Because of the nature of the linearity of space-time, schooling does not feed back to itself. This is not just a matter of the calendar and the school timetable, or of classrooms with painted windows, but of the key fact that the teacher turns into a person who, instead of spreading enthusiasm for the mysteries and complexities contained within the “subject” taught, becomes time-dependent and keeps going forward without waiting sufficiently for those left behind. Linear time and confined space take over the minds of teachers and pupils, who become repetitive and far removed from their status of educator-educatees. In order to justify their activities, they become used to giving explanations that are not wrong in themselves, but are superficial in their essentials and inferences. Pupils are described as incapable, the blame is put on the huge amount of subject-matter to be “got across”, it is argued that it is impossible to cope with the numbers of pupils, and so on.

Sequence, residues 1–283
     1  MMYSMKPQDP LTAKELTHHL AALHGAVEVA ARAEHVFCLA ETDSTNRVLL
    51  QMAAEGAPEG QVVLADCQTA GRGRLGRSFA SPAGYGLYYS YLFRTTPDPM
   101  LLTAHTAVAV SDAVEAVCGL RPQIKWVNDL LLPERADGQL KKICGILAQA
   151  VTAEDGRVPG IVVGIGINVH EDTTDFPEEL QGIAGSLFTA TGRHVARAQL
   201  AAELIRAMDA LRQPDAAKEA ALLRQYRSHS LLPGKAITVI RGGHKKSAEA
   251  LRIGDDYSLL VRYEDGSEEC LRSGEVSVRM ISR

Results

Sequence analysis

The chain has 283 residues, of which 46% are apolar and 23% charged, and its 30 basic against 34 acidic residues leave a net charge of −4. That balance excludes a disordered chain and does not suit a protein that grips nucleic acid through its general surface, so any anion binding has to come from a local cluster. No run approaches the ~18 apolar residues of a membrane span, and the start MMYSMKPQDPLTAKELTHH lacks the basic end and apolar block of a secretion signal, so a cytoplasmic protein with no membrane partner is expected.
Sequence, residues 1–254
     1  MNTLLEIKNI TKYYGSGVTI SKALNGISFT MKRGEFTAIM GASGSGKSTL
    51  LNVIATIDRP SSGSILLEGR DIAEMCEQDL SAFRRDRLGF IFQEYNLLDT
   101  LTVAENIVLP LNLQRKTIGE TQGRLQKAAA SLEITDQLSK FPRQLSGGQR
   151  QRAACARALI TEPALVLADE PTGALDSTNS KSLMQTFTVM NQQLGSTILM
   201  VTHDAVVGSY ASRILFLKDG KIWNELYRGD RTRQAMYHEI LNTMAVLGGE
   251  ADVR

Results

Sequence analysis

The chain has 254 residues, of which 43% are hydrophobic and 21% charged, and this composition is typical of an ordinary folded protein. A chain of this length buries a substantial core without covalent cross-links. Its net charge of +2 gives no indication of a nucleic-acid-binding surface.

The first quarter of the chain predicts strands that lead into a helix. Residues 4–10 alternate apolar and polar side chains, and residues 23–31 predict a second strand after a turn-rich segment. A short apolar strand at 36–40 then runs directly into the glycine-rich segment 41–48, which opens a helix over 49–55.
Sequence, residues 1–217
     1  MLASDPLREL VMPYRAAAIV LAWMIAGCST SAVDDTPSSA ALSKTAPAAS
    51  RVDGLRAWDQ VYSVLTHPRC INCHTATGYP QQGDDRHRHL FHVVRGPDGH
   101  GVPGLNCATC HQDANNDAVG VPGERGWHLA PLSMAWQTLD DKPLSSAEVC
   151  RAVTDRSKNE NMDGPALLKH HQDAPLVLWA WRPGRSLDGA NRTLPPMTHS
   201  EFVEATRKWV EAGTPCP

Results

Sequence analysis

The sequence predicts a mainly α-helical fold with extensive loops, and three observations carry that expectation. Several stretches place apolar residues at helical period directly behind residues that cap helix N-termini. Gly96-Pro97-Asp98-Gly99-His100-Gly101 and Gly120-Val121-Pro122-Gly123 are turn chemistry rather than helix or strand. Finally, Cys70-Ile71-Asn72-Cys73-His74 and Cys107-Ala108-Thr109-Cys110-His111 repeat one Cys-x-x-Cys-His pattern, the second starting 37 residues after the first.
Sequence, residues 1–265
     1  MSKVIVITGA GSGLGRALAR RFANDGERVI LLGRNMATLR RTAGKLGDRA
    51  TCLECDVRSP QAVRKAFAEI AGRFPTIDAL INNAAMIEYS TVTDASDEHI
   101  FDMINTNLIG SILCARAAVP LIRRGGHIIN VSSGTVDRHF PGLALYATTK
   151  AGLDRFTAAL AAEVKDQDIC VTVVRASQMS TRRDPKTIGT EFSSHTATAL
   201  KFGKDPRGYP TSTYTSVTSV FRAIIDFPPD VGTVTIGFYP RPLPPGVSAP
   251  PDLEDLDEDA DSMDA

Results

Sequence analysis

On the other hand, both education and schooling are processes that produce relationships. However, the differences between them are fundamental and crucial. In the case of schooling, relationships are not created but copied, cloned from what is said in the books and teaching guides. The relationships are predetermined and are simply repeated. It is obvious that it is not a question of changing historical facts, of denying the structure of cells, or of inventing a new geometry, but of how these are approached and re-created.